Sarawak Energy denies Baleh dam works behind river logjam

The floating debris along a stretch of Baleh river as seen from the air, August 23, 2021. —  Picture courtesy of Sarawak Energy Berhad
The floating debris along a stretch of Baleh river as seen from the air, August 23, 2021. — Picture courtesy of Sarawak Energy Berhad

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KUCHING, Aug 23 — Sarawak Energy Berhad (SEB) has rejected claims that the logjam and floating debris along the stretch of Baleh river in Kapit Division were caused by site clearing works from the Baleh dam.

It said its onsite team has conducted land, river and aerial drone surveillance following reports of the mass accumulation of timber and other natural debris in the river, to verify the source of the floating debris.

“From the initial assessment, it has been concluded that the source of the debris is more than 1.5km upstream of the diversion tunnels inlet portal,” SEB said in a statement when disputing claims by Sarawak Forest director Datuk Hamden Mohammad in a Malay daily today.

It added that the last site clearing works was in 2018 during project commencement and that was downstream from the diversion tunnels.

“The activity was completed in April 2019 where the associated logs and debris were properly disposed off in accordance with the approved Natural Resources and Environment Board (NREB) guidelines and under their supervision.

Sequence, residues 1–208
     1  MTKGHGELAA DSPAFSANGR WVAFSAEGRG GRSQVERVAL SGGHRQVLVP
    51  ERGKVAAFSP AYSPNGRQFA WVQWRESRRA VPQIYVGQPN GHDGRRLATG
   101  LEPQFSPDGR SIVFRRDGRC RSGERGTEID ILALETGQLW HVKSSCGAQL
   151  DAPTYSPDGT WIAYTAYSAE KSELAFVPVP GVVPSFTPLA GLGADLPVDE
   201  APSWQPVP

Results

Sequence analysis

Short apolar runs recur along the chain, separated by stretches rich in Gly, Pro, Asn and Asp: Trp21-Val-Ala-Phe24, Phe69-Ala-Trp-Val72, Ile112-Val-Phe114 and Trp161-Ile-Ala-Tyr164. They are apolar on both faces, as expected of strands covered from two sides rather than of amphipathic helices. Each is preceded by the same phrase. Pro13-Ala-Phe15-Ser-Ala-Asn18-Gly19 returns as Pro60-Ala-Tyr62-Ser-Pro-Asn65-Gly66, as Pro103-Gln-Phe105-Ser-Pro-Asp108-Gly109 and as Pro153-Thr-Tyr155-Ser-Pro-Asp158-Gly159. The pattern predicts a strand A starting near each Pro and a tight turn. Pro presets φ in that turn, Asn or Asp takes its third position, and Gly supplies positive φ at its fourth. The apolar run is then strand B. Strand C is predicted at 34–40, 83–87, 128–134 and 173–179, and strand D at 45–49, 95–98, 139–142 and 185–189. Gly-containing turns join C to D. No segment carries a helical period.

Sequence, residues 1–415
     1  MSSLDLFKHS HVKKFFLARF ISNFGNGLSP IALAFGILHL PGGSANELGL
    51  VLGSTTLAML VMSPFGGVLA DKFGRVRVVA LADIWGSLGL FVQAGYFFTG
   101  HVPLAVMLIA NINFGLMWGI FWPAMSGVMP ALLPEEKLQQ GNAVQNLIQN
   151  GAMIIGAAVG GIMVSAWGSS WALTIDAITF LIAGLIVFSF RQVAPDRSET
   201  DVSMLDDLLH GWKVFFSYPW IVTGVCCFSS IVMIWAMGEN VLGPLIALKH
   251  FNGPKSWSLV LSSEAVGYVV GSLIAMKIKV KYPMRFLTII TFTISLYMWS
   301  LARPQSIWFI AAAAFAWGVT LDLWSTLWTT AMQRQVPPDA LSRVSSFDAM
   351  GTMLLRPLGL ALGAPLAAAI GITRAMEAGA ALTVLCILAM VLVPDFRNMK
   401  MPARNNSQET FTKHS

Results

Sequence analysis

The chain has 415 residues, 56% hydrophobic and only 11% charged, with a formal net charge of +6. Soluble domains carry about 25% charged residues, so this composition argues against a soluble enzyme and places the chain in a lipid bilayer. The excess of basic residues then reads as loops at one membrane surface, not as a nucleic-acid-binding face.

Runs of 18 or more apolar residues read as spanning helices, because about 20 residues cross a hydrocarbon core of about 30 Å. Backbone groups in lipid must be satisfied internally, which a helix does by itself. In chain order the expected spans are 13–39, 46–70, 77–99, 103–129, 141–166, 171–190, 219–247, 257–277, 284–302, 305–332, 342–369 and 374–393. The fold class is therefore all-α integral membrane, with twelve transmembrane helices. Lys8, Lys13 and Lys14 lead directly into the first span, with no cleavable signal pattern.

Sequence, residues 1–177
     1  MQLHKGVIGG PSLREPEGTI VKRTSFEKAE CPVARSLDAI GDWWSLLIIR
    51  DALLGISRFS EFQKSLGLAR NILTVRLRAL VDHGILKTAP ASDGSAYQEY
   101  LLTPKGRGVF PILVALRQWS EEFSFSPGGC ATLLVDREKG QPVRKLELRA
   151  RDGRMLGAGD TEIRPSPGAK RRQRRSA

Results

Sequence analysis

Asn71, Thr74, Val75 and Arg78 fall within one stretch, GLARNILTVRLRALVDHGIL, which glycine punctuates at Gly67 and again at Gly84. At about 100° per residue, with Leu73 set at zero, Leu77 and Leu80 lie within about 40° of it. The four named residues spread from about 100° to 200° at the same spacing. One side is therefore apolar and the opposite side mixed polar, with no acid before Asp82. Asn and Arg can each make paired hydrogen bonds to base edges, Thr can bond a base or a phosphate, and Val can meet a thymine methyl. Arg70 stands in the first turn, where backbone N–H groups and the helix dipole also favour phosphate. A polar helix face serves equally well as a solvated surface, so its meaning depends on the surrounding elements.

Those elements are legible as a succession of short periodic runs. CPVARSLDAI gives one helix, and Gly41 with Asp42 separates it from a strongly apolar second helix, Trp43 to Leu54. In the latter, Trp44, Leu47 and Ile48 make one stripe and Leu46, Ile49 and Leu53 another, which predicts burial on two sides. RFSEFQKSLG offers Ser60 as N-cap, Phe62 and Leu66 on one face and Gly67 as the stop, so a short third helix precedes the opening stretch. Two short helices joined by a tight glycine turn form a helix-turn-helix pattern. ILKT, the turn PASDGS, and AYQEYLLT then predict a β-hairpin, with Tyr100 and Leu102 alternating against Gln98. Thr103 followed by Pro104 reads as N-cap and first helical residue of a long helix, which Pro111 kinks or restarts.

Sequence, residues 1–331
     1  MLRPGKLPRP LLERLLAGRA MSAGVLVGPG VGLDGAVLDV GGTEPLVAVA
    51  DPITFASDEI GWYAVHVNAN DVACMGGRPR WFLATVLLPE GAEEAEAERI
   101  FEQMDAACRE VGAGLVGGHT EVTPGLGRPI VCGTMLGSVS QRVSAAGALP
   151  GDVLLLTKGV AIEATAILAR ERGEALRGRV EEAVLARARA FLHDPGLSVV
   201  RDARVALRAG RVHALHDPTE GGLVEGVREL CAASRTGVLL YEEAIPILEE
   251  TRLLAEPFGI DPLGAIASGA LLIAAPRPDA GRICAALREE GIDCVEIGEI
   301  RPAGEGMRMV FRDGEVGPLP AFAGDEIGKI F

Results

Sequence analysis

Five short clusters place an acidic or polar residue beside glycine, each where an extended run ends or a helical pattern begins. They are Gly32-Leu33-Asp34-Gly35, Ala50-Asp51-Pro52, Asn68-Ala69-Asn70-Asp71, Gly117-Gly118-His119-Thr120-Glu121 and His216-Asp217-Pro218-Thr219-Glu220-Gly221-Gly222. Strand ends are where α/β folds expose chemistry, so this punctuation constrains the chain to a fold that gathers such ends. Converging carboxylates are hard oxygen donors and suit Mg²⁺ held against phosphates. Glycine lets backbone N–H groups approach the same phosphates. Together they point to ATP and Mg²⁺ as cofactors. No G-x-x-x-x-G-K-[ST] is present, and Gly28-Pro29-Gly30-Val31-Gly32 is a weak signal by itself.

“The origin of the logjam and debris is upstream of the project site and is clearly not from the site clearing works.

“This is because biomass clearing activities upstream of the dam to prepare for impoundment is only expected to start in 2023 which is in two years’ time.

“These biomass clearing activities will be under a structured waste management programme under the supervision of the NREB in compliance with the requirements of the Baleh HEP Social Environment Impact Assessment (SEIA) report approved in 2015,” it said.

It said it understands that timber logging continues to be active at upstream tributaries of Baleh river.

SEB also said it was deeply concerned about the impact of the logjams on the safety of the construction of Baleh HEP.

“If the situation continues, there will be a significant risk to the project’s construction as well as the safety of downstream communities,” it said, adding that its team has already started trial clearing works to determine the safest and most efficient method to clear the floating timber debris obstructing the water flow into the inlet portal of the diversion tunnels.

Yesterday, Deputy Chief Minister Tan Sri James Masing, who is also Baleh state assemblyman, blamed licensed timber companies operating in the headwaters of Baleh River for logjam and floating tree trunks and branches.

He also called on the state government not to renew the licences of these companies for their irresponsible devastating environmental activities.

Hamden, in a report carried by a Malay paper today, had claimed that floating debris that caused the massive logjam along Baleh river originated from the site clearing works of the Baleh dam.

The 1,285MW Baleh dam is scheduled for completion in 2026.

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